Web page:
The department brings in guest media makers and visiting professors from diverse backgrounds for special lectures and workshops. Students may also select elective courses from other departments in the School of Communications and Theater in such areas as telecommunications, journalism, and theater. A highly recognized graduate program offers undergraduate students numerous opportunities to work on advanced productions and participate in advanced research in the field.
After taking the FMA basic courses in their freshman and sophomore years, students choose to enter one of three sequences: Production Thesis, Media Culture Thesis, or Non-Thesis.
Special Programs and Internships
Requirements for the Degree of Bachelor of Arts in Film and Media
Students may complete up to 12 additional credits in Film and Media Arts. The number of courses taken in the School of Communications and Theater is limited to 63 credits. A student must earn a C or better in all Film and Media Arts courses which count towards the degree.
Due to the highly competitive nature of this field, students with Film and Media Arts averages under 2.0 for more than two semesters will be encouraged to change their major. Students with averages under 2.0 may not begin the program. Students may take up to four of the 42 FMA credits as an internship.
Production Thesis Sequence
This sequence educates prospective film/video/media makers, media writers, and new technology practitioners to take creative control of their media. It emphasizes students' initiative in creating individual or collaborative projects that serve as an expression of their personal vision and voice.
The Production Thesis sequence builds to a two-semester senior capstone course in which each student, working with close faculty guidance, will finish a film, video, new technologies production and/or script, a production book, and a critical paper on the theoretical issues that informed his/her work. Media work must be presented publicly at an end of the year screening.
Students may enter this sequence if they earn a B average in the Basic Core sequence and a B average in Media Arts I and II, and if they continue to maintain a B average in the Film and Media Arts major. Completion of this sequence requires completion of Senior Projects I and II and is based on the grade requirements listed above, along with faculty acceptance of a Senior Project portfolio (which includes a proposal or script, and a work sample) submitted in March of the studentís junior year.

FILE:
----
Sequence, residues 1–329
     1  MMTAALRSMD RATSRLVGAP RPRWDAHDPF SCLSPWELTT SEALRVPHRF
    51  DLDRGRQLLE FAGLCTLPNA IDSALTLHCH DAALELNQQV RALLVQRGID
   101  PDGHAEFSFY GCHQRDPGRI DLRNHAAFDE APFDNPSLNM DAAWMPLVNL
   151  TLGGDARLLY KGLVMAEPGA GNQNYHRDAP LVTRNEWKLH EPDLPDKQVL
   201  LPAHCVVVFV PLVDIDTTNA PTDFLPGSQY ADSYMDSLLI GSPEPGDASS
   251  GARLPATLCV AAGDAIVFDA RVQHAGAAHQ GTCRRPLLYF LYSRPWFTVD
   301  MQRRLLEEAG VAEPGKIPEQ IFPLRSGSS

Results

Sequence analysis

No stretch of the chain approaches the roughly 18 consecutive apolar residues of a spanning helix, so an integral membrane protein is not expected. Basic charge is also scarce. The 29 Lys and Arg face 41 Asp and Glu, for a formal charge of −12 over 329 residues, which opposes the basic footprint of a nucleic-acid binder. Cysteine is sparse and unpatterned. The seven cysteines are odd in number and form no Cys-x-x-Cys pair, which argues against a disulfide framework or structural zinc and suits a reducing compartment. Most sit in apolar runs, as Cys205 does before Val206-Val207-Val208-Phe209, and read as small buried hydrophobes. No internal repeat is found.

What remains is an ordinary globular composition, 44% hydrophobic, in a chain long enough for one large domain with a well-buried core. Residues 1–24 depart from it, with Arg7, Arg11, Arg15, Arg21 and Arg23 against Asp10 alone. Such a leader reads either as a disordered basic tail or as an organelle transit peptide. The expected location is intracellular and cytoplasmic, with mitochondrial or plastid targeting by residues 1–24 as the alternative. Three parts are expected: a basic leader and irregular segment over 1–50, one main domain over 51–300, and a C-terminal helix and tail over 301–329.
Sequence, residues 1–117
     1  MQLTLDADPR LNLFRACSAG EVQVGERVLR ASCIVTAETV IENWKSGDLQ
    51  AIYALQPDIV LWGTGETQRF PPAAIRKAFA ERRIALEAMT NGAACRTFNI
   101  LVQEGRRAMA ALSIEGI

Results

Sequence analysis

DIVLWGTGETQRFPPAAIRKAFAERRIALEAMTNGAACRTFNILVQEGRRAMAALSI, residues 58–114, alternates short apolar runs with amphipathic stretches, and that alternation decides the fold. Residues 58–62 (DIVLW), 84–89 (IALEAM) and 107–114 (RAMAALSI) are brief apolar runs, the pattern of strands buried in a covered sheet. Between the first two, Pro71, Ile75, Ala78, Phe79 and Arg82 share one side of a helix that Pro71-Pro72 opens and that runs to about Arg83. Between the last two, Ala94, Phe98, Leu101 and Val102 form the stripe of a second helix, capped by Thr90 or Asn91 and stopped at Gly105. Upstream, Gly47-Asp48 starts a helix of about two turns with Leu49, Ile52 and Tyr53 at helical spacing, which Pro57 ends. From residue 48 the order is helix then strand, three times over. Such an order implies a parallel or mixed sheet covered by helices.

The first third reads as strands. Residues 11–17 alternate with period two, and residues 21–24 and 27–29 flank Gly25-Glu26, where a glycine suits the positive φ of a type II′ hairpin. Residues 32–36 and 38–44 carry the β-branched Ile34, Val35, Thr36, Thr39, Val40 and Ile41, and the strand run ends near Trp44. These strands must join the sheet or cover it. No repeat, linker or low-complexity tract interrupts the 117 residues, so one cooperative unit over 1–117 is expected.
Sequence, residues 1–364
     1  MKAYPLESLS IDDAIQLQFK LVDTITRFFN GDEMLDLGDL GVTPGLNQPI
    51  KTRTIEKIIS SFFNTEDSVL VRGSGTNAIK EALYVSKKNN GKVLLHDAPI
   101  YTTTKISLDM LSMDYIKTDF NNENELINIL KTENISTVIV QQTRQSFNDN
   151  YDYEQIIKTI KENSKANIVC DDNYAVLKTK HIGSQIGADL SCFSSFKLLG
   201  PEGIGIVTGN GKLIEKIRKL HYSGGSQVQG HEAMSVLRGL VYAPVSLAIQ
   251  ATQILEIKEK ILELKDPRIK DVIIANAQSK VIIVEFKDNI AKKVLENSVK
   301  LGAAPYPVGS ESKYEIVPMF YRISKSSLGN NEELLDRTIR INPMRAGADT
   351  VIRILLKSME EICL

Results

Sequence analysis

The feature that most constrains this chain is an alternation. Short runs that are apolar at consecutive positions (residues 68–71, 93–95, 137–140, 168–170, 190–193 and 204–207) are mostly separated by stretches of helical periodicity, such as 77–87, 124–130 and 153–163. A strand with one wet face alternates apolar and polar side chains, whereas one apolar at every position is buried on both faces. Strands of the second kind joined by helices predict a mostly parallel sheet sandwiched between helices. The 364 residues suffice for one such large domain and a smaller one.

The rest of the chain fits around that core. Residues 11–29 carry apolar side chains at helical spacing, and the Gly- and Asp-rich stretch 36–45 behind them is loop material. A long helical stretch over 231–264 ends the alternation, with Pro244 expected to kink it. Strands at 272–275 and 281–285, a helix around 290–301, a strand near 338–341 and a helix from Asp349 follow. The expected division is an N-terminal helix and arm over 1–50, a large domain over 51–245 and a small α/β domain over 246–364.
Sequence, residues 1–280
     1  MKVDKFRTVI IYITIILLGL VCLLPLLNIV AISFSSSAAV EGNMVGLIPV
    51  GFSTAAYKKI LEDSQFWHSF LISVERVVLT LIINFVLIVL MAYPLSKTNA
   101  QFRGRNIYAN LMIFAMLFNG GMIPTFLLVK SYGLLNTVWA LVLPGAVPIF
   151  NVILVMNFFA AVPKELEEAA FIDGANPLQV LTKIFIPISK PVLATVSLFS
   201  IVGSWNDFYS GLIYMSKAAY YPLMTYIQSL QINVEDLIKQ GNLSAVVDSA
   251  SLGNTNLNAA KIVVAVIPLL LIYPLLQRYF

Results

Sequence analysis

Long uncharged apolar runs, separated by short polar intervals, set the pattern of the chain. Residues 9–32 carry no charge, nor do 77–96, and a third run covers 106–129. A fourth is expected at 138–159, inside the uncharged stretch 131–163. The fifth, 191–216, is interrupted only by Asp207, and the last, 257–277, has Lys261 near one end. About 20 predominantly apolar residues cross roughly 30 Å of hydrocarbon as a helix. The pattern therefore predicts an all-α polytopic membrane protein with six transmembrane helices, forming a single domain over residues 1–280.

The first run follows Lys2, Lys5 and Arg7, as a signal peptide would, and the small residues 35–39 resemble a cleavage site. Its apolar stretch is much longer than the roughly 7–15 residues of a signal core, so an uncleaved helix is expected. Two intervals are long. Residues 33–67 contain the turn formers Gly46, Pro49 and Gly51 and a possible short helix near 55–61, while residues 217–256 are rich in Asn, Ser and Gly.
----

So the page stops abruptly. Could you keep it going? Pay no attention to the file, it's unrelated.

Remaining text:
Jeanne Allen, Sequence Director
This sequence explores and explains how media works in American culture. The critical exploration of technology, economic and legal factors, social history, and institutions highlights the processes through which media culture affects identity construction and social change. Students who choose this sequence develop critical, analytical, and organizational skills in linking media culture to such arenas as community-based organizations and museums, schools, media resource centers, and the multicultural community of independent film and video producers.
The Media Culture Thesis sequence builds to a two-semester capstone course in which each student will complete a written research-based thesis on media culture criticism and/or history or a producible script for reality-based and researched media programming. Students may enter this sequence if they earn a B average in the Basic Core sequence and a B average in Introduction to Film and Video Analysis and The Production of Media Culture.
Students (including transfer students) who do not meet the above requirement may petition to enter this sequence based on a review of their written work. The petition must be received by the Media Culture Thesis Sequence Director no later than the third week of the semester prior to the semester when the student would be taking the senior thesis course.
Eran Preis, Sequence Director
This sequence is designed for students who wish a more general approach
to production and theory. Working closely with their advisers, students
will choose from a number of production and studies elective courses to
complete a balanced, liberal arts approach to media study in lieu of a
senior production thesis or media culture thesis. Students may progress
through the Non-Thesis Sequence if they have a 2.0 cumulative average
and grades of C or better in all the Basic Core courses.